Japanese conglomerate SoftBank will invest $50 billion in the United States and create 50,000 new jobs. That’s according to Donald Trump, who announced the news on Tuesday after a meeting with CEO Masayoshi Son at Trump Tower in Manhattan.
Already, the deal’s beginning to manifest in tangible ways. In later December, Sprint announced that it would repatriate 5,000 jobs in the U.S. And OneWeb, a satellite internet startup backed by Softbank, will create as many as 3,000 new jobs in the coming months.
“We are excited to work with President-elect Trump and his Administration to do our part to drive economic growth and create jobs in the U.S.,” Sprint CEO Marcelo Claure said in a statement. “We believe it is critical for business and government to partner together to create more job opportunities in the U.S. and ensure prosperity for all Americans.”
Details of the arrangement were hard to come by, and the president-elect declined to elaborate. A presentation provided to media outlets showed an additional $7 billion investment and the creation of 50,000 additional jobs, and suggested that Foxconn, the China-based manufacturer notably responsible for assembling the iPhone, could play a role.
On December 7, Foxconn said it was in talks to expand to the U.S., but said that the scope and scale of its potential U.S. investments hadn’t been determined. Foxconn has facilities in Virginia, Indiana, California, and Texas.
The Wall Street Journal notes that Son and Foxconn Chairman Terry Gou are “longtime friends” who’ve collaborated on “several investments.” Most recently, the two launched a joint venture with Alibaba to sell the Japan-based company’s Pepper home robot.
But the terms might also involve Sprint, America’s fourth-largest cellular network, which SoftBank acquired in 2012. The embattled carrier, which hasn’t posted an annual profit since 2006, had announced a plan last year to reduce the number of its employees and cut between $2 billion and $2.5 billion in costs over the next six months. Its most recent quarterly losses drove a 30 percent dive in SoftBank’s overall profits.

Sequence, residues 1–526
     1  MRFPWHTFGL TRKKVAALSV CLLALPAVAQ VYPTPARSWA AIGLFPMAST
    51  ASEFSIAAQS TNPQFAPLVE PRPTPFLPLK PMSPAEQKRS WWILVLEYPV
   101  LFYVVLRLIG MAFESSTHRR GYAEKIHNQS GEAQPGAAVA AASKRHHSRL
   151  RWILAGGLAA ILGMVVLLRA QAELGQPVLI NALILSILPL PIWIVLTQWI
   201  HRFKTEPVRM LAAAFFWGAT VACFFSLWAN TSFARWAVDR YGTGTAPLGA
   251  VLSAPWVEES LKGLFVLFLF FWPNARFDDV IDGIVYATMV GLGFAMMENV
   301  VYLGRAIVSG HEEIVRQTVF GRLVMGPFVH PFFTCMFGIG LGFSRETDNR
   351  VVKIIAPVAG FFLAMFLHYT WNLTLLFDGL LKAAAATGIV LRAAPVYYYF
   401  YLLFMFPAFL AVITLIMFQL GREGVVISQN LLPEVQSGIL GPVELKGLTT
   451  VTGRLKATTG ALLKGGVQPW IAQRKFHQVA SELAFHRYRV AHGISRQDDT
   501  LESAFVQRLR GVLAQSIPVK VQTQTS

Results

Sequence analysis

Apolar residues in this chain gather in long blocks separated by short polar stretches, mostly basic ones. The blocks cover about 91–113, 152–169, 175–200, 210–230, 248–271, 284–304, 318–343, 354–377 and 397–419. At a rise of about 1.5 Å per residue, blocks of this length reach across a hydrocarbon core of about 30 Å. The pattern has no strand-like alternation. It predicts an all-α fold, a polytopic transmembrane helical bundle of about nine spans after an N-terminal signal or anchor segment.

Or the terms could refer to T-Mobile, which has a market capitalization of just above $45 billion. SoftBank led a failed bid to purchase the self-styled “Un-carrier” in 2013 and 2014.
SoftBank has operated with reluctance in the U.S., fearing regulators — principally the Federal Communications Commission and Department of Justice — would interfere with mergers of the scale it has pursued in other countries. The company invested $20 billion in Vodafone’s Japanese division. And in September, it completed a $31 billion acquisition of ARM Holdings, the firm responsible for designing processors and licensing them to Qualcomm, Apple, and others. Last year alone, ARM’s partners shipped 15 billion ARM-designed chips, half of which were bound for mobile devices.
Son told reporters he expected a lot of “deregulation” under Trump’s administration.
“I just came to celebrate his new job. We were talking about it. Then I said I would like to celebrate his presidential job and commit, because he would do a lot of deregulation,” Son told Reuters. “I said this is great. The United States will become great again.”
According to the Wall Street Journal, SoftBank’s $50 billion investment would come from the $100 billion fund the company will establish with Saudi Arabia’s sovereign wealth fund and other partners. SoftBank expects to contribute between $25 billion and $45 billion over the next five years.
SoftBank is valued at an estimated $68 billion. Shares of the company rallied following Tuesday’s announcement, reaching their highest level in two and a half years and closing up 1.5 percent, and shares of T-Mobile rose 1.8 percent.
Article originally published on 12-07-2016. Updated on 12-30-2016 by Kyle Wiggers: Added news of Sprint jobs.